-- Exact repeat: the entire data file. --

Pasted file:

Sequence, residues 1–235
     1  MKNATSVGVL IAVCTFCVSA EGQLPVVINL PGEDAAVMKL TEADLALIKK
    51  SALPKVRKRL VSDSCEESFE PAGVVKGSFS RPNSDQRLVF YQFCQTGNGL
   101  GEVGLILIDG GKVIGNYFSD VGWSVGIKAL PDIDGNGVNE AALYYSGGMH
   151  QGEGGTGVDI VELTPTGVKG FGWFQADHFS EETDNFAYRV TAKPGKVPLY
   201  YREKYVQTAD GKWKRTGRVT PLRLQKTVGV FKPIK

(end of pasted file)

Sequence, residues 1–235
     1  MKNATSVGVL IAVCTFCVSA EGQLPVVINL PGEDAAVMKL TEADLALIKK
    51  SALPKVRKRL VSDSCEESFE PAGVVKGSFS RPNSDQRLVF YQFCQTGNGL
   101  GEVGLILIDG GKVIGNYFSD VGWSVGIKAL PDIDGNGVNE AALYYSGGMH
   151  QGEGGTGVDI VELTPTGVKG FGWFQADHFS EETDNFAYRV TAKPGKVPLY
   201  YREKYVQTAD GKWKRTGRVT PLRLQKTVGV FKPIK